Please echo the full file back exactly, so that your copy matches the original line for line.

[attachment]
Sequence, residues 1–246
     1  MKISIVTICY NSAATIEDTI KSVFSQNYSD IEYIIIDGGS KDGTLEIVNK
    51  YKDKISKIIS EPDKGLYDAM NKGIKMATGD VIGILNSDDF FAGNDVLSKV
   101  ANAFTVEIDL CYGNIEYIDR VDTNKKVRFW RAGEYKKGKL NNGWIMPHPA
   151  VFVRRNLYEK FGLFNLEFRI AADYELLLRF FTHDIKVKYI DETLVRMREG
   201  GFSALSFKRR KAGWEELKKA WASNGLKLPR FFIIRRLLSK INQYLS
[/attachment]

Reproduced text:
Sequence, residues 1–246
     1  MKISIVTICY NSAATIEDTI KSVFSQNYSD IEYIIIDGGS KDGTLEIVNK
    51  YKDKISKIIS EPDKGLYDAM NKGIKMATGD VIGILNSDDF FAGNDVLSKV
   101  ANAFTVEIDL CYGNIEYIDR VDTNKKVRFW RAGEYKKGKL NNGWIMPHPA
   151  VFVRRNLYEK FGLFNLEFRI AADYELLLRF FTHDIKVKYI DETLVRMREG
   201  GFSALSFKRR KAGWEELKKA WASNGLKLPR FFIIRRLLSK INQYLS